Home' Straight Furrow 70th Anniversary : Dec 19 2011 Contents Straight Furrow • December 19, 2011 19
STRAIGHT FURROW CELEBRATING 70 YEARS -- THE 1970s
EARLY 1970s Prime Minister
Norman Kirk expected the same
attributes of farmers as he
expected of himself ... more hard work
Farmers came to see him in his short
tenure as a very special kind of prime
minister with a rural background and
understanding of the aspirations and
problems of farmers.
In 1974, the year of his untimely
death, he gave an interview outlining
his view of agriculture.
He said he did not believe farm input
prices had risen and that farmers'
opposition to a proposed Meat
Reference Price Scheme was unthink-
ing and perhaps even unselfish.
He was also an advocate of competi-
tion, as were most New Zealand farm-
ers, and also saw salvation in more
hard work and productivity with which
he said most farmers would agree.
"Nobody likes to have any interven-
tion that affects what they can get.
"But the farmer needs to ponder. He
is inclined to complain when the man-
ufacturer puts his price up because of
an increase in costs and the manufac-
turer is being belaboured for that . . .
because he has an increase in costs he
has an increase in price.
"But the farmers put up the price
due to the facts that had no relation to
the cost of production. He was not put-
ting the price up for the kiwi consumer
because his costs had gone up, he was
could do better in the external market.
"And there is a distinction between
the two -- one that I am sure troubled a
lot of farmers who think about the
issue as I do.
"If the price of meat falls in the
export market, wages won't fall; so in a
way by resisting some more moderate
price level in the New Zealand market,
the farmer ensured greater difficulty
for himself when that happened."
Mr Kirk said he would be glad when
the whole price control structure in
force at the time could "jettisoned".
"I would be the happiest man in New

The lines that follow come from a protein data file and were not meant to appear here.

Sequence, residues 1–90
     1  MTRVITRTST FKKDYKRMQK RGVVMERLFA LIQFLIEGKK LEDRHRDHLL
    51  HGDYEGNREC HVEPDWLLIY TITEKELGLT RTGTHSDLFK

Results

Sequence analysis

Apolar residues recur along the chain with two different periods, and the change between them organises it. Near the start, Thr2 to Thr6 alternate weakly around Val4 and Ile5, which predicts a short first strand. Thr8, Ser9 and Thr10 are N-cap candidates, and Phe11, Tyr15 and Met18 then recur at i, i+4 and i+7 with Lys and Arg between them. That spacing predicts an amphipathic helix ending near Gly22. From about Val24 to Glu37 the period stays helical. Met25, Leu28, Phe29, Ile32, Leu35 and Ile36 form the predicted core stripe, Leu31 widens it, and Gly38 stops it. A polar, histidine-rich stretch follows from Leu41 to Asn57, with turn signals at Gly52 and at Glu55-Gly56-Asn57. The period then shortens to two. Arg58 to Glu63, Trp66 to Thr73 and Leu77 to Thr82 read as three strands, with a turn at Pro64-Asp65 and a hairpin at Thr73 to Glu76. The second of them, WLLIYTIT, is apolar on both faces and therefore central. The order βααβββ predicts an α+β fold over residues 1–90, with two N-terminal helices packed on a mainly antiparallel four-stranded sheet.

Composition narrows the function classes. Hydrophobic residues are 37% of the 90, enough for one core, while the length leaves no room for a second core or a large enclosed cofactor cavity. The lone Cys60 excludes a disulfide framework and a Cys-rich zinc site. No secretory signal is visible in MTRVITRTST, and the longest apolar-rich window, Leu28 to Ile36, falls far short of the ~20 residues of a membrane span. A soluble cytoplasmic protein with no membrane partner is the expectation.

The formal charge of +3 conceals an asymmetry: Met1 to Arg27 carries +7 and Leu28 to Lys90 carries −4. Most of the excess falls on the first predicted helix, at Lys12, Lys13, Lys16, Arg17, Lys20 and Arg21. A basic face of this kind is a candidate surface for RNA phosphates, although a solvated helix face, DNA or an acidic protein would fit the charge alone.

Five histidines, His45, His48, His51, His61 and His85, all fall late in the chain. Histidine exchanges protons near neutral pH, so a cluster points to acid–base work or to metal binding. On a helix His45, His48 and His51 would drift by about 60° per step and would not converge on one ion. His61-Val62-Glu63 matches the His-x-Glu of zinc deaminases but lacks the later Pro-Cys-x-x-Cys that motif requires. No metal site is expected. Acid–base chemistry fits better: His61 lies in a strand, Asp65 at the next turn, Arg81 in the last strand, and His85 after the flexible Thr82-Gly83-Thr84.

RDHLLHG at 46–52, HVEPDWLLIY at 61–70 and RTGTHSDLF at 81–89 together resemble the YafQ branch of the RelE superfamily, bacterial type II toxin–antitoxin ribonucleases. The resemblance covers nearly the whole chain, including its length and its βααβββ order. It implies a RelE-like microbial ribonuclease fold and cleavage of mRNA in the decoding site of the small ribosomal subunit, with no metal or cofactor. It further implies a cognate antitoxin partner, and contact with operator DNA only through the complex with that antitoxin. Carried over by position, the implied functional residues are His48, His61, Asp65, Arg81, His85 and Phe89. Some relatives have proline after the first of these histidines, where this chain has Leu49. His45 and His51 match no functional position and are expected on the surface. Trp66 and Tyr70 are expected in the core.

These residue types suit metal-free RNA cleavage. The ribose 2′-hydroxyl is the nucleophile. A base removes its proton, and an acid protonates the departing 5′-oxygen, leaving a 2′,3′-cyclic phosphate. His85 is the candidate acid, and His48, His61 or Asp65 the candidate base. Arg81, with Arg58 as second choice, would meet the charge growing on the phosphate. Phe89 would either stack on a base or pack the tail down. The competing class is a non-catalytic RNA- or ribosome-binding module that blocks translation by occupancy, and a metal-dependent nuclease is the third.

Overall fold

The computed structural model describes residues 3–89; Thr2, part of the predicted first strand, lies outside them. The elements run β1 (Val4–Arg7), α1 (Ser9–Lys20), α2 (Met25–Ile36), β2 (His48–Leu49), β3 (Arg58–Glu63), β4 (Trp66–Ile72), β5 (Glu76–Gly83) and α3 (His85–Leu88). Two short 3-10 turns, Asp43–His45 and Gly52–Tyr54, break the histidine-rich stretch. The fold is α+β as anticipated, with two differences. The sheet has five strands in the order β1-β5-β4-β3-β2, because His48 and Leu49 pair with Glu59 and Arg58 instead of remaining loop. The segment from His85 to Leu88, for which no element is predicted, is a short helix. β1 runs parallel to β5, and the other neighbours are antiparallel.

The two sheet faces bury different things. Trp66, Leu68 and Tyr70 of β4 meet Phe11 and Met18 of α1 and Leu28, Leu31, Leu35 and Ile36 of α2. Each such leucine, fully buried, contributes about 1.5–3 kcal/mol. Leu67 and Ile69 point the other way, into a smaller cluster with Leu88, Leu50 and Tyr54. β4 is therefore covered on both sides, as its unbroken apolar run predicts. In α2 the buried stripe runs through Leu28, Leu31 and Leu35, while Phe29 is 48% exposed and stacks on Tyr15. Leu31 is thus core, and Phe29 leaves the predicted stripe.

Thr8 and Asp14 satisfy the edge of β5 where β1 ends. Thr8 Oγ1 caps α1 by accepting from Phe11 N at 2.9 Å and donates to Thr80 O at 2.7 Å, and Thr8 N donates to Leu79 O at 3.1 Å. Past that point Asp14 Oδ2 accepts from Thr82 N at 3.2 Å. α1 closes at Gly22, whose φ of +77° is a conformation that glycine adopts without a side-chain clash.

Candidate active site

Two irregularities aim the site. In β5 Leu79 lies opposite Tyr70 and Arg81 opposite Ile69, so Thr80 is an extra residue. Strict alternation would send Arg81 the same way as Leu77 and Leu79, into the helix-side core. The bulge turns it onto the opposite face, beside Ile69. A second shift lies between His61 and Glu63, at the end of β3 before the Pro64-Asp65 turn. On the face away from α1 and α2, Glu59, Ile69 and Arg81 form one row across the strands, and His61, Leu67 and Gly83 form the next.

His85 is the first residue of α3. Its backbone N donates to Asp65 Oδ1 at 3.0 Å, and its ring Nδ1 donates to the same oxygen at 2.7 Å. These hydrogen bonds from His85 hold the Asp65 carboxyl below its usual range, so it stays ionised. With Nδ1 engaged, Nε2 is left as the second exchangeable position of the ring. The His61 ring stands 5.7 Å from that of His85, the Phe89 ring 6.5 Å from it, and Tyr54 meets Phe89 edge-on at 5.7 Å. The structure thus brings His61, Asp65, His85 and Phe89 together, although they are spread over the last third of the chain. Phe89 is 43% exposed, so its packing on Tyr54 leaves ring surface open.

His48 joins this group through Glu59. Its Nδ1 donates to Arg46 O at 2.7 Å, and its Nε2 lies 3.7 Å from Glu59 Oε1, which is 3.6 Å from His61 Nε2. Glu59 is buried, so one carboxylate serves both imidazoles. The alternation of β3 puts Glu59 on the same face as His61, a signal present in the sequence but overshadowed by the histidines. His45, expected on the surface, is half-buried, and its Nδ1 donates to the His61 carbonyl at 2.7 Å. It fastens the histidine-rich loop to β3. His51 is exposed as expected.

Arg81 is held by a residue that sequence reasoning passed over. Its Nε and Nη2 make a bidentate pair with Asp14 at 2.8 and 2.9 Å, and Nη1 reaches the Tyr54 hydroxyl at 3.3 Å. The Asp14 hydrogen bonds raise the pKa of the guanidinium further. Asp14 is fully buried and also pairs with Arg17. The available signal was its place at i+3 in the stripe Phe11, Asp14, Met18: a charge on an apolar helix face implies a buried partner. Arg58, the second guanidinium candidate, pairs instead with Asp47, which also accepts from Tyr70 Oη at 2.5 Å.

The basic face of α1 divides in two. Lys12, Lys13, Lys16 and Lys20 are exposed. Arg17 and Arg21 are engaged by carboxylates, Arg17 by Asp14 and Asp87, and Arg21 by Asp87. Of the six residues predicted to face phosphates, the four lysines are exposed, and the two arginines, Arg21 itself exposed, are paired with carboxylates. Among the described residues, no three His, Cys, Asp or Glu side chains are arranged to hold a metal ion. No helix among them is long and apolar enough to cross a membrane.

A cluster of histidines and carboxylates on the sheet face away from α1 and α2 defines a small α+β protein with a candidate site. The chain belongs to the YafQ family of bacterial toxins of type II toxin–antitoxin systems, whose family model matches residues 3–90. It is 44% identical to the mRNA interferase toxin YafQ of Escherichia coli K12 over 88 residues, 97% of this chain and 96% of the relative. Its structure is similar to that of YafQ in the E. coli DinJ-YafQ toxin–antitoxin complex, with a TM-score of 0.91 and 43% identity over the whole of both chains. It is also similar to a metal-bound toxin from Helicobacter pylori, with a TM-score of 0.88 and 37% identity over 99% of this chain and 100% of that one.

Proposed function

Zealand if the economic conditions
difficulty with price control is that
there are so many variations of trade,
even in the same field, and to try and
devise a single rule that covers all the
varieties is very difficult.
"But some price control is necessary
and we faced up to that," he said. "I
think it is having an effect and a bene-
ficial one at that but on the other hand
it is not wholly satisfactory
• The whole nation was stunned
when Norman Kirk died on August 31,
1974, aged 51. Straight Furrow printed
one of the most remarkable editorials
in its history on the event.
IN February 1972 farmers were due
to begin receiving an advance pay-
ment of two-thirds of their sheep
retention grant. This was to be based
on flock sizes as at June 30 the previ-
Straight Furrow reported that farmers
who did not take advantage of this
advance payment would lose the tax
advantage of having the amount
spread over two years.
Any adjustment necessary because of
a change in flock numbers would be
made when the final payment was allo-
cated after June 30, 1972.
The advance payment application
forms were to be sent to over 30,000
sheep farmers and advance payment
would only be made to those who com-
pleted the form.
The payments would be made by
direct credit to the farmer's bank
account or two his seasonal financier
and the system was designed to make
sure farmers got the money as quickly
Payments would be made on sheep
of all descriptions and not confined to
The payments were to be $1 a head
where flocks were between 250 and
5000, a further 60c a head in excess of
5000 and up to 10,000 and at 20c a
head on numbers over 10,000 with no
payment for the first 250 sheep in any
At the same time, the Dominion presi-
dent of Federated Farmers, Alec Begg,
praised the Government's action in
deciding on the sheep retention grant.
Although he was not altogether
happy that meat industry funds were
being used for the aid "in the circum-
stances, we feel that the need is so
urgent we have to accept it".
He accepted that the aid system did
not do anything to create relativity
with other sectors but would greatly
help normal farm management such as
top dressing for the remainder of the
Commenting on the fact that the first
250 sheep in a flock would be exclud-
ed in the payment scheme, Mr Begg
said that any farmer keeping such a
small number could not really be
called a sheepfarmers, so this did not
He predicted a real headache when
the Agricultural Production Council
had to decide the terms of long term
aid to farmers.
"There will be some social as well as
economic problems to be solved.
"Farmers with large families are not
going to like being told to move off
"They won't be forced to leave their
farms but it could be the best thing for
Sheep retention grant big news
Kirk promotes hard
work and productivity
President, NZ National
READ, VALUED, TRUSTED, SINCE 1941
1941 -- 2011
"Straight Furrow and NZ Rural Press have been aligned with New Zealand
National Agricultural Fieldays for many years. Not only does NZ Rural Press pro-
duce and print the exceptional Official Fieldays Programme and Fieldays Focus,
but Straight Furrow is also a sponsor of the Innovation Competition, helping
kiwi's realise the potential of their back yard inventions. We thank the team for
their contribution to Fieldays and support of our event and look forward to many
more years of partnership."
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